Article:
As your child approaches adulthood, it is time to begin looking
for her dream as an independent adult.
• What activity does she seem happiest doing? Is there one
task at school or home that she seems to enjoy most?
• What obvious natural abilities toward certain tasks does
• Has she done special assignments or projects in school
that could be adapted to some kind of vocational experience?
• What is her level of physical strength and interest in
tasks that involve physical exertion?
• Is there an activity that she is more independent doing
than others? If so, can you relate that activity to a potential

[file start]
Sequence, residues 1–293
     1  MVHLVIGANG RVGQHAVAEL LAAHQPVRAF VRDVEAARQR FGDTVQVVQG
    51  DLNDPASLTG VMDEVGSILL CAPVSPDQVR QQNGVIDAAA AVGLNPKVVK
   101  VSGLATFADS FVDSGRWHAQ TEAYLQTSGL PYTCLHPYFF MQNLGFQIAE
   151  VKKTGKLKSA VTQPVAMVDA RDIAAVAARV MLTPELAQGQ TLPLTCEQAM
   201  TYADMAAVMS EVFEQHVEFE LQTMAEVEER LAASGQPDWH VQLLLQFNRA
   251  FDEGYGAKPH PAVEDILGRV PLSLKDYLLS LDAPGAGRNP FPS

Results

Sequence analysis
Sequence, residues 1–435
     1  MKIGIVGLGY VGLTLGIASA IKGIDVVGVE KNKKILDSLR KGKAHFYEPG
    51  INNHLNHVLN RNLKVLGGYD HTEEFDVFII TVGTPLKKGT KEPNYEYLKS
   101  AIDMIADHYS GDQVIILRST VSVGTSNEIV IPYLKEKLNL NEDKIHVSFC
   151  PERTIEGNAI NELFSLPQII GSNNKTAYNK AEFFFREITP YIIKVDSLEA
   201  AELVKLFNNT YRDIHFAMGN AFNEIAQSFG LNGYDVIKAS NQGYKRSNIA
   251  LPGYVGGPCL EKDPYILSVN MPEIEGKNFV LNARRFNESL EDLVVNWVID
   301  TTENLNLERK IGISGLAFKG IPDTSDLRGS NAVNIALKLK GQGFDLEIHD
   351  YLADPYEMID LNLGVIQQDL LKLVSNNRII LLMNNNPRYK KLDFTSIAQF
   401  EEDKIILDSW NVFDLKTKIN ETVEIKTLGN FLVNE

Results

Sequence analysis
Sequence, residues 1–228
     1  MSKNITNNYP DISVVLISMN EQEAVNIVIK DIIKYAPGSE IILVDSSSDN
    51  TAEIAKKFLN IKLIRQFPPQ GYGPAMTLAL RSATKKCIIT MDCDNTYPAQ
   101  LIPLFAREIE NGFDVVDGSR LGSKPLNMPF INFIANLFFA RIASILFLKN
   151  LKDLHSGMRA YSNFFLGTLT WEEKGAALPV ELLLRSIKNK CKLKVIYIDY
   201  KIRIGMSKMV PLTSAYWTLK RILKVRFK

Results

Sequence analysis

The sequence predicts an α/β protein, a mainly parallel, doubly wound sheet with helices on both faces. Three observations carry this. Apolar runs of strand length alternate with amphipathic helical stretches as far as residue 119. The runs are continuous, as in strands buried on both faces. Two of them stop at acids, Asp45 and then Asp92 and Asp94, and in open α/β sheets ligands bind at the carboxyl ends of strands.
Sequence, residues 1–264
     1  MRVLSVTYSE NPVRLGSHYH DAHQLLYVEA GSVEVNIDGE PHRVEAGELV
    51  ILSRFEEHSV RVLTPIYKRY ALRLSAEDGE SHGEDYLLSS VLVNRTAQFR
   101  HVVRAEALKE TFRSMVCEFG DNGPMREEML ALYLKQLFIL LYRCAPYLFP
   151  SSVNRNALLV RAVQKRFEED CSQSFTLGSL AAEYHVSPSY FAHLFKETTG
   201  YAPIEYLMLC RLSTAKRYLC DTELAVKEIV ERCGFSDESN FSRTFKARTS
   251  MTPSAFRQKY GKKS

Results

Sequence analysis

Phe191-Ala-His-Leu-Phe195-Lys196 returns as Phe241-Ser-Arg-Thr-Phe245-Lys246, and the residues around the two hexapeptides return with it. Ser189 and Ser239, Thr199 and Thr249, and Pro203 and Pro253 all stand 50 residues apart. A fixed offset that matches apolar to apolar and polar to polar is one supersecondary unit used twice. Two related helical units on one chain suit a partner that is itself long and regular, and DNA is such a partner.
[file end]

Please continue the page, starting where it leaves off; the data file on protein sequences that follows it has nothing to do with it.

Too often, older kids and adults are placed into vocational
programs because of what is available, not because of what works
best. When it doesn't work out, they are homebound or forced into
other vocational placements that may be equally frustrating to
You can build a better future for your child by tapping into
their natural skills, finding a realistic job that fits them and
working to achieve that dream.
Adapted from Parenting an Adult with Disabilities or Special
Needs: Everything You Need to Know to Plan for and Protect Your
Child's Future by Peggy Lou Morgan (AMACOM 2009).
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